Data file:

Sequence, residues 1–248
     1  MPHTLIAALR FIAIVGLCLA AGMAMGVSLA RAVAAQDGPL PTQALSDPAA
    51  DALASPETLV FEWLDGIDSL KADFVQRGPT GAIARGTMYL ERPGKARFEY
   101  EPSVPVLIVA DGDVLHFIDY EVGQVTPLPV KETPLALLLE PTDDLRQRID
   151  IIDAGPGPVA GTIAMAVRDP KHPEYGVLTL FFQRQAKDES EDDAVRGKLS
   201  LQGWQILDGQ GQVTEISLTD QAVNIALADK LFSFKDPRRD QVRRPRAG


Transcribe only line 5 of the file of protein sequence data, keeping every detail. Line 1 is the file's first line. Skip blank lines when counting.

   151  IIDAGPGPVA GTIAMAVRDP KHPEYGVLTL FFQRQAKDES EDDAVRGKLS